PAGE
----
On Sunday 8th May, Terry Farrell, Lieutenant Jadzia Dax of Star Trek Deep Space Nine, the headline guest of the Starfury Invasion convention at Heathrow’s Radisson Edwardian Hotel spent a few minutes with Geek Chocolate to share her memories of that character and her work on the show.
Geek Chocolate – Jadzia Dax started off as a unique character, old and young at the same time, approachable yet always enigmatic, fiercely intelligent, yet always the centre of fun. How much of that was written into the scripts, and how much came from discussions with the producers, and how much was what Terry brought to the set?
Terry Farrell – Well, of course I’d like to think that it was all me! I think it was a little of everything, truthfully. I worked with a coach, because it was really hard for me to learn the lines, and she was really good. Ivana Chubbuck, she was an awesome teacher. She helped me work my own sense of humour into the lines when it wasn’t written for me, and help me work with my inner life, not just what was typed on the page. I would have to say that Ivana was a huge part in helping me find Dax.
GC – I remember you saying at the time how frustrating it was, as the science officer, to be landed with so much of the technical dialogue. Did any of the scientific process rub off on you, or do you still shudder at the memory?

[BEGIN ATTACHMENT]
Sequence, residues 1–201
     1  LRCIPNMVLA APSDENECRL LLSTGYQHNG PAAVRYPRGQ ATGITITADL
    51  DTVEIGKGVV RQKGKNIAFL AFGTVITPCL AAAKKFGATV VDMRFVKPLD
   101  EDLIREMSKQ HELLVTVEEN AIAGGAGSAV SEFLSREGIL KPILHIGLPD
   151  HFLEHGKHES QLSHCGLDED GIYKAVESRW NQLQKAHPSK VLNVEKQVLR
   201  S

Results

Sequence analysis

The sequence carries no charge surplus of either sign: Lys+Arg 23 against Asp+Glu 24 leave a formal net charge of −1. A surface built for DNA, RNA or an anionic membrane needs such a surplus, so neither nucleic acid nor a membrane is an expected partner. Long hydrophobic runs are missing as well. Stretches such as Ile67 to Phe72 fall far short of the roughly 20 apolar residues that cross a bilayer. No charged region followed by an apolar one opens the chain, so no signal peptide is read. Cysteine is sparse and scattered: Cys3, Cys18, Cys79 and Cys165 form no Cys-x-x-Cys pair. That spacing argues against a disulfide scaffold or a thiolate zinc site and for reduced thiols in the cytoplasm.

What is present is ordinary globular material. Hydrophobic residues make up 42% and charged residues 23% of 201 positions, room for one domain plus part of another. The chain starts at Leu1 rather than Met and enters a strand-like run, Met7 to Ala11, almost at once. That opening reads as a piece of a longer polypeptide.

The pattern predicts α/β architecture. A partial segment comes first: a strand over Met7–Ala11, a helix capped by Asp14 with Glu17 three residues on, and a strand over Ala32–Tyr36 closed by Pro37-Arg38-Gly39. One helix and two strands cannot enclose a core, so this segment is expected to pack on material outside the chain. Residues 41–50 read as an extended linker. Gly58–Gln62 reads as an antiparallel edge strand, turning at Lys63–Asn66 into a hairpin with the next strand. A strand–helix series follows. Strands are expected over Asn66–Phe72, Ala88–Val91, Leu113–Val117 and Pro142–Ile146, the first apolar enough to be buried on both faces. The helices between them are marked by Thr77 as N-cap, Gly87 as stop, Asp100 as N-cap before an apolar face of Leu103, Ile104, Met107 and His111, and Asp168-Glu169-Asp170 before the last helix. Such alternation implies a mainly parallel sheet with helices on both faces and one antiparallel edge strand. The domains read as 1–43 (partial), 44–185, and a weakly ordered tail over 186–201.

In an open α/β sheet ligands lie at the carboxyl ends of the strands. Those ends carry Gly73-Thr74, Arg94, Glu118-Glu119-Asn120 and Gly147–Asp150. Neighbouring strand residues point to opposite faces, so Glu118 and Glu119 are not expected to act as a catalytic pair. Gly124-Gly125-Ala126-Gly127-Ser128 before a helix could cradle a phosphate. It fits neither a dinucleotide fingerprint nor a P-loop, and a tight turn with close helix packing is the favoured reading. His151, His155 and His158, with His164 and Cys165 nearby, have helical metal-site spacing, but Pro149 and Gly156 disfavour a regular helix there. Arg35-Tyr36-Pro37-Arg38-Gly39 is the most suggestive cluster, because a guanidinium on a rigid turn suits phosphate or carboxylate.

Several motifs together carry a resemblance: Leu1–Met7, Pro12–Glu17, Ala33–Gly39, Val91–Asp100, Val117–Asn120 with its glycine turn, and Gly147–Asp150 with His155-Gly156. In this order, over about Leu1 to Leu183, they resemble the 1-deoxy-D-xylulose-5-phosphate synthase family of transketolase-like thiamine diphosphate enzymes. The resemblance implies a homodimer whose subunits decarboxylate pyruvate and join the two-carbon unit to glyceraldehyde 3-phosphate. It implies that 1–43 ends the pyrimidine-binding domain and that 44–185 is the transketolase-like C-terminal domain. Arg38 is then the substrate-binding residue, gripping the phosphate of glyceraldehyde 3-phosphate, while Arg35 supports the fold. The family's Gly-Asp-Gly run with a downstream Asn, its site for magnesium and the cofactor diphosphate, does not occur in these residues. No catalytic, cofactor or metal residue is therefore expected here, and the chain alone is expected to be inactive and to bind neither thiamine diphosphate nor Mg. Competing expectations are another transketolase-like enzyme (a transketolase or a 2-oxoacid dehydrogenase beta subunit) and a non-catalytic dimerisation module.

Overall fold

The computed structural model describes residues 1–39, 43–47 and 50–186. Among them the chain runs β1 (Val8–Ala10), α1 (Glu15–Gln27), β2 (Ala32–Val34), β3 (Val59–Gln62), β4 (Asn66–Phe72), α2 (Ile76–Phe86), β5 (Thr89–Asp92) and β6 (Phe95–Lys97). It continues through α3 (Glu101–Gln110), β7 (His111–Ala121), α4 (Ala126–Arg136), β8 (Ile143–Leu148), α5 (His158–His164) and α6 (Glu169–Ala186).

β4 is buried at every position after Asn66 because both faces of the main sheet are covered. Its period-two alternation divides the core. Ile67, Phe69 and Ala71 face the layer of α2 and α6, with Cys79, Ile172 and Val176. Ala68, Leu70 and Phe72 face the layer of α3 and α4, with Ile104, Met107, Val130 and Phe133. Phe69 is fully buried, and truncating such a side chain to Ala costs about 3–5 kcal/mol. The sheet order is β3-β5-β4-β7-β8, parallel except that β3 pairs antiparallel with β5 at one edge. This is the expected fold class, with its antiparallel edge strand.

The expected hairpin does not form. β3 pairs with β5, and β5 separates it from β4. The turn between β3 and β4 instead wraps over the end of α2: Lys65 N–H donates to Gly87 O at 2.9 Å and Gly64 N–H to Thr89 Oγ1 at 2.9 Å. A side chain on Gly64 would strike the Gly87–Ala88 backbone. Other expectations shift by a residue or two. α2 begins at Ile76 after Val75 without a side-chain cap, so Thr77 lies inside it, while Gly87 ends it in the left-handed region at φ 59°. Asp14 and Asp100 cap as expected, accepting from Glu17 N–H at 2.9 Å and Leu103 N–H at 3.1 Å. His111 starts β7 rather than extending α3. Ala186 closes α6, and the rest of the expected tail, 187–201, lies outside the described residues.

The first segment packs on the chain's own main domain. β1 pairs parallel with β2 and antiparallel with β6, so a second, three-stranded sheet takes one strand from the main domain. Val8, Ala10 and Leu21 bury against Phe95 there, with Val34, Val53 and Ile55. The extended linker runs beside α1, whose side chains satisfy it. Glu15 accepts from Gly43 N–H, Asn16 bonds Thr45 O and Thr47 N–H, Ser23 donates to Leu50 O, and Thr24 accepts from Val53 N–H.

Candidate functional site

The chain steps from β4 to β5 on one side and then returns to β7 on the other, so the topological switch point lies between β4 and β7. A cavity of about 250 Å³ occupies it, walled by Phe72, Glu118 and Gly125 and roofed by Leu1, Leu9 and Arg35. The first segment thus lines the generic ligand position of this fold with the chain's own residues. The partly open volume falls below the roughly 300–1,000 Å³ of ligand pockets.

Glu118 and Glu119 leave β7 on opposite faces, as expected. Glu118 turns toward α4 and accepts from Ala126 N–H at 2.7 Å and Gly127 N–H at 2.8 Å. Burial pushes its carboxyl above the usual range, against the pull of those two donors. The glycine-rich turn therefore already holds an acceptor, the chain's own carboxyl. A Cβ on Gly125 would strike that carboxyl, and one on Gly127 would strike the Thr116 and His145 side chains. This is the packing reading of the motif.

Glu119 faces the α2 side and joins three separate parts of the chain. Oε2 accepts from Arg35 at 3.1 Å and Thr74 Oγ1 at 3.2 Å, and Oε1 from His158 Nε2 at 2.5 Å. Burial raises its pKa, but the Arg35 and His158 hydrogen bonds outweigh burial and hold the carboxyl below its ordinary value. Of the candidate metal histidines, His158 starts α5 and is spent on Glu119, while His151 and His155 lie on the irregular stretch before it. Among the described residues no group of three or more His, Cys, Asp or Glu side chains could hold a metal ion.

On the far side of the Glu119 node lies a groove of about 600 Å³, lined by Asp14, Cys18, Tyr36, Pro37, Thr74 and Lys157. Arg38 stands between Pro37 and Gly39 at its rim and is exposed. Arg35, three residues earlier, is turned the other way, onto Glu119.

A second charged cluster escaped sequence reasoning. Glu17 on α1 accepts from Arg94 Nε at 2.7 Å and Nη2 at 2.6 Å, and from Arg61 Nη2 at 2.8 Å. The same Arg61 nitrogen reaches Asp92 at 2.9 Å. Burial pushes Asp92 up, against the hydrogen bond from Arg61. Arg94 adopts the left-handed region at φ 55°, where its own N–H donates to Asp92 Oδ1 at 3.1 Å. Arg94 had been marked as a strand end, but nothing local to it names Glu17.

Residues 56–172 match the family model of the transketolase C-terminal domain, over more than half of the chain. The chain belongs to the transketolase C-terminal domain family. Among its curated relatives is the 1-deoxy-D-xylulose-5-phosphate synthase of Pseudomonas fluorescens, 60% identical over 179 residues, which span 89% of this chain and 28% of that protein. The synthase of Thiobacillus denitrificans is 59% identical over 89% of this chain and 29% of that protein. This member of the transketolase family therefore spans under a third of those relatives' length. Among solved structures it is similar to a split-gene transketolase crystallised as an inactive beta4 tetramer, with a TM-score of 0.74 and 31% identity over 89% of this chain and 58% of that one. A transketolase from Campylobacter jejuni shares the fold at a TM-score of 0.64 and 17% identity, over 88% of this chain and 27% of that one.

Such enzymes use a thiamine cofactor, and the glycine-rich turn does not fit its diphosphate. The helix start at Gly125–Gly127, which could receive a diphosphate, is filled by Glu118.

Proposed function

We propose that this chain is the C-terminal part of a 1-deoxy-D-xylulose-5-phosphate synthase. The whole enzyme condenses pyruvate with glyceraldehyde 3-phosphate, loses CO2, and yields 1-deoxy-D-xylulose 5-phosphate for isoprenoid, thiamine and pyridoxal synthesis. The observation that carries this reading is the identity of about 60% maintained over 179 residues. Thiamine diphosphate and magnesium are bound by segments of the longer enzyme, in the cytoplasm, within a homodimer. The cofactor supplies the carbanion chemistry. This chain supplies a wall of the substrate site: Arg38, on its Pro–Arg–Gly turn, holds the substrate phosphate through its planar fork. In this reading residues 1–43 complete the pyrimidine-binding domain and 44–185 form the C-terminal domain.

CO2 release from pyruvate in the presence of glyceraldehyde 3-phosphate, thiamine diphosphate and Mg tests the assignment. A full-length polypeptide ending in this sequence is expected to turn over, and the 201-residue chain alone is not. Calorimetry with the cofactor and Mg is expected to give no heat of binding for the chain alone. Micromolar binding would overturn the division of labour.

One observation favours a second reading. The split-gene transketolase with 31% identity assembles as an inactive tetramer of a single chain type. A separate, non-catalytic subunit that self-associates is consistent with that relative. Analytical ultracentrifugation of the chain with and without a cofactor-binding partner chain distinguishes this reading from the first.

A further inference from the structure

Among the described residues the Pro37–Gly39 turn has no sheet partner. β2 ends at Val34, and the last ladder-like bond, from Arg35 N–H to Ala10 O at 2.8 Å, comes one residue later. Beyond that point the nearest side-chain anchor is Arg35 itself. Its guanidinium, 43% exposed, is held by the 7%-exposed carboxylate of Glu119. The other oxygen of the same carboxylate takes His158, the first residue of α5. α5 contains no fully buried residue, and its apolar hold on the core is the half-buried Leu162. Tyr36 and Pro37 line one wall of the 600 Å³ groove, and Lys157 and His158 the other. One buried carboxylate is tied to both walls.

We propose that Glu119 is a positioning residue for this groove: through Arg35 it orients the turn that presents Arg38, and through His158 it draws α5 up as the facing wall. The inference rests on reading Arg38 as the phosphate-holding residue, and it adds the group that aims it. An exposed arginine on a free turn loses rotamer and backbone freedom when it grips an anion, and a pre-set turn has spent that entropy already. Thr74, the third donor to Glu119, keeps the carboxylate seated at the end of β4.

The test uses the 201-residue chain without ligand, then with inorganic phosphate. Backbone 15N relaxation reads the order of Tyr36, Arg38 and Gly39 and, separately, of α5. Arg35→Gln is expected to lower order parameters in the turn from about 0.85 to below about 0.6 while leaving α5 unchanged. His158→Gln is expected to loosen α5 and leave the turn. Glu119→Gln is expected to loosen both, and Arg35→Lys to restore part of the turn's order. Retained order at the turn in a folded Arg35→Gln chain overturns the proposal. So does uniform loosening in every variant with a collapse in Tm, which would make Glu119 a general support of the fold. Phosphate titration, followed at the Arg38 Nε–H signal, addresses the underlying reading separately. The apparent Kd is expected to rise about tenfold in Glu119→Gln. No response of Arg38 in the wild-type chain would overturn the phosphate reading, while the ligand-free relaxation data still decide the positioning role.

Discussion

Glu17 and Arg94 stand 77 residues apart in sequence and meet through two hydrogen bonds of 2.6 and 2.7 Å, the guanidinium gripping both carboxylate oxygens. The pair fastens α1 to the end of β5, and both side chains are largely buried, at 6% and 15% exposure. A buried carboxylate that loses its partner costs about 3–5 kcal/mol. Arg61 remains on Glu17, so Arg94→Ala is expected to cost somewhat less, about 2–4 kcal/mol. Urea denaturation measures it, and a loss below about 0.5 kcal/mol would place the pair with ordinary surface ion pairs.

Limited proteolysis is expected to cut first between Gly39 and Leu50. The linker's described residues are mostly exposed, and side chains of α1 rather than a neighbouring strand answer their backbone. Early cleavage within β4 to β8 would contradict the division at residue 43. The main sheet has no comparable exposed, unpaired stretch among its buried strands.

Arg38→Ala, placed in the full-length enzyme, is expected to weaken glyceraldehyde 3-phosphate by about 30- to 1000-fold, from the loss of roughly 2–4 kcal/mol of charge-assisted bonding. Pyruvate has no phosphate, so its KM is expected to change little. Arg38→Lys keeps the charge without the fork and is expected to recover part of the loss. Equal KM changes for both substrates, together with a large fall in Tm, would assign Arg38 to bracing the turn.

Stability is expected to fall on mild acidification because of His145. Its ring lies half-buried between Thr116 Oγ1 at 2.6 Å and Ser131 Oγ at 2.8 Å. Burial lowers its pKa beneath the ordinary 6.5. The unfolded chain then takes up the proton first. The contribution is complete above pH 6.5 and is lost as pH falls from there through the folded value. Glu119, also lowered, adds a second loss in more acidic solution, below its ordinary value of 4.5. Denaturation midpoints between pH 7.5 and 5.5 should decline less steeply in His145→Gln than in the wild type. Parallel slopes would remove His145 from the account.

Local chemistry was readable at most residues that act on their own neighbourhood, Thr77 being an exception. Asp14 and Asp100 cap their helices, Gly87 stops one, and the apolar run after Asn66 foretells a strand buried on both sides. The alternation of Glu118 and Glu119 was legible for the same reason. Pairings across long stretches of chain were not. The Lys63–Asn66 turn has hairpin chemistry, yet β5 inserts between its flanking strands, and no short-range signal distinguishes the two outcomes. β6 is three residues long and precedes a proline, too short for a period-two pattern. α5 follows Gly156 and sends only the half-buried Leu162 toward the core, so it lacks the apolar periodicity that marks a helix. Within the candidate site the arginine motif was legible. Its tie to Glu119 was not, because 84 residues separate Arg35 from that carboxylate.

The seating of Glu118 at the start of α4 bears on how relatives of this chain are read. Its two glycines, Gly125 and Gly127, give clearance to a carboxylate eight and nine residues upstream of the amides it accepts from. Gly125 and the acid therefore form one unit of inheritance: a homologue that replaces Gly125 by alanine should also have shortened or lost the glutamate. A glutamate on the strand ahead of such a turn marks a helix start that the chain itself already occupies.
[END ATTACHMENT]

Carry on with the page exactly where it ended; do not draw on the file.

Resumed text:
TF – There are some days I can shudder at it, and there are times I remember crying, thinking “Oh my god, I’m never going to get this right,” or feeling badly that there were so many takes, but I think I did a pretty good job considering the hours, the lack of sleep and how many times it changed. It definitely is not something that is my forte, but I think I swam through it okay in the end.
GC – And yet I understand that in 2001 an asteroid was named 26734Terryfarrell. How does it feel to have part of the solar system named after you?
TF – Awesome! Because, you know what, CBS, when we did Becker, gave us all stars one year for our Christmas present, and I thought that was awesome, and I think I have something else in Orion’s Belt that fans gave me on one trip, so it’s really a little overwhelming to think that there’s really something out there. I mean, obviously we can’t go out to it! Did you see the Hubble IMAX?
GC – I’m a huge Hubble fan.
TF – Did you see the IMAX?
GC – I’ve seen one about the space shuttle launch and the ISS, but I’ve not seen one about the Hubble.
TF – Watch the next one. We’ve just seen it. It’s just so amazing that you can see that far out into space.
GC – The London Planetarium used to have a show, only about half an hour – I had no idea until we sat down, it was narrated by Patrick Stewart.
TF – Oh my god!
GC – And similarly, the IMAX Space Shuttle film, I had no idea, it starts up, it’s Leonard Nimoy‘s voice.
TF – Oh, that’s awesome! I went to one, I think it was in Washington DC, and my son said “Oh, mommy, that’s Whoopi!”
GC – Star Trek has often been cited as an inspiration for people to choose science as a career. During the Bush administration, there was almost a resentment of science prevalent in America. Has the tide turned again, or are we still stuck on the fence?